Robert Southey and Millenarianism:
Documents Concerning the Prophetic Movements of the Romantic Era
Ed. Tim Fulford
This website presents the first scholarly edition of Robert Southey’s various writings about the prophetic movements of Romantic-era Britain. Its aim is to throw new light on two related areas: the nature and history of millenarian prophecy in the late eighteenth and early nineteenth centuries—especially William Bryan, Richard Brothers, and Joanna Southcott—, and the significance of prophecy in Southey’s social, political analysis of his times. A fascinated commentator upon what he termed ‘enthusiasm’, Southey published two of the earliest accounts of Southcott and her predecessors ever written, accounts derived both from personal acquaintance with some of the major figures involved and from a detailed study of their writings. These accounts are reproduced here, collated with the manuscripts on which they were based, and with explanatory notes. In addition, a selection of Southey’s remarks on millenarians in his private manuscript correspondence is presented, and an introduction comprising a brief history of the prophetic movements in the Romantic era and a critical discussion of Southey’s writings on the subject.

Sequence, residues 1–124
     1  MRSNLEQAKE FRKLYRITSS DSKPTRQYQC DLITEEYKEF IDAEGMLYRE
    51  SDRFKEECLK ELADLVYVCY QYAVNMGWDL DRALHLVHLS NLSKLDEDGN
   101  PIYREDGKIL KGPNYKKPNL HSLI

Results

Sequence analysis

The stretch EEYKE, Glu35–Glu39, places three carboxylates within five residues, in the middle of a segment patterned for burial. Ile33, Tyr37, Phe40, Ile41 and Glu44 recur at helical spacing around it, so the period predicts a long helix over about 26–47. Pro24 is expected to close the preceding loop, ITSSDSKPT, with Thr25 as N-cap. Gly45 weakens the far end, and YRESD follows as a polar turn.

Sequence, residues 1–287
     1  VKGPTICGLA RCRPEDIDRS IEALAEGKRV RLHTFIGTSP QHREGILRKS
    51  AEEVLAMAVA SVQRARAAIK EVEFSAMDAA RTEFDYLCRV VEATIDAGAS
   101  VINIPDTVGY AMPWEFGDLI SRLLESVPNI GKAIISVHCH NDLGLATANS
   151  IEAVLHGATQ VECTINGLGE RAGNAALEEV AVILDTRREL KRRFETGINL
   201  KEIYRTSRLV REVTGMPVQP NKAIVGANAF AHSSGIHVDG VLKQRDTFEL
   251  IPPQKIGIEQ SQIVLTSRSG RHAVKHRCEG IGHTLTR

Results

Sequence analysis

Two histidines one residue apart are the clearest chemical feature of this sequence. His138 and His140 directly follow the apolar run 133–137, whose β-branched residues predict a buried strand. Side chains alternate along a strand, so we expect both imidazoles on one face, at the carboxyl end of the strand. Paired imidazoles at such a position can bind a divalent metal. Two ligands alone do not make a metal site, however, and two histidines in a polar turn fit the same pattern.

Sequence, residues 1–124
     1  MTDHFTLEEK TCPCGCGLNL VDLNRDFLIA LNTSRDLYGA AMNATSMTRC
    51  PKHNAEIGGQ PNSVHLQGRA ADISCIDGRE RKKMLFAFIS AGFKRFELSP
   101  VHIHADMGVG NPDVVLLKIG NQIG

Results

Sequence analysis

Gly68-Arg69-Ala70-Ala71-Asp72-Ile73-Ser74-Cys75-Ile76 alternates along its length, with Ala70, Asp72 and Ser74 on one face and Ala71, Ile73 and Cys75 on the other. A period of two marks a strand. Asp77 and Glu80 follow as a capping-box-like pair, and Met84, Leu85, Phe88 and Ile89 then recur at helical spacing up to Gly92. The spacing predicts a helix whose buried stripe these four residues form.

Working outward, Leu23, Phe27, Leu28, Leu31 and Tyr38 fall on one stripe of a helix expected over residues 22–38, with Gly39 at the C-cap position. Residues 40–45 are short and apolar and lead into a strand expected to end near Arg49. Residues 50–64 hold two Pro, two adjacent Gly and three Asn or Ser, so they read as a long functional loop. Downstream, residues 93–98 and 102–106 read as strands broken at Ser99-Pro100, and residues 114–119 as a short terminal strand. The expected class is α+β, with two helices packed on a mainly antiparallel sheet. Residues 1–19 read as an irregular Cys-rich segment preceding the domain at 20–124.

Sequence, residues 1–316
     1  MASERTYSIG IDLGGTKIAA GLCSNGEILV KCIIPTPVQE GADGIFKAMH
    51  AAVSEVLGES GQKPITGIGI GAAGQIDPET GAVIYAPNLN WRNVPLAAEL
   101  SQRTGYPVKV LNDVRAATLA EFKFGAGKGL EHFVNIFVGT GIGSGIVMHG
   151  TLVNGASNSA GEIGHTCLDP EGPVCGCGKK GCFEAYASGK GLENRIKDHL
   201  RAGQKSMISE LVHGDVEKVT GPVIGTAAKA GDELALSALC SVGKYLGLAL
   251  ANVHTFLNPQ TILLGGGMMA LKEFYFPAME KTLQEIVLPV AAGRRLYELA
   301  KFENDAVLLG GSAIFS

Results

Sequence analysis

Tim Fulford is a Professor of English at De Montfort University. He has published several monographs and articles in which Robert Bloomfield features, including Literature, Science and Exploration in the Romantic Era: Bodies of Knowledge (2004). He edited Thalaba the Destroyer, vol. 3 of Robert Southey: Poetical Works, 1793-1810 (2004) and is co-general editor, with Lynda Pratt, of the forthcoming Robert Southey: Later Poetical Works, 1811-1838. Pratt and Fulford and Packer’s edition The Collected Letters of Robert Southey is also online at Romantic Circles.
The editor welcomes comments and corrections. Please contact:
Tim Fulford: email@example.com
About the Encoding and Design
This electronic edition was TEI-encoded by Averill Buchanan in liaison with Laura Mandell and her team at Miami University of Ohio, who provided stylesheets and transforms, and with the assistance of David Rettenmaier and Michael Quilligan at the University of Maryland.
The editor is grateful to the Panacea Society for a grant which made possible the research leading to, and the production of, this site. He is also glad to acknowledge the support of Nottingham Trent University and of the following scholars: Averill Buchanan, Jon Mee, Michael Neve, Steve Poole, Lynda Pratt, David Worrall.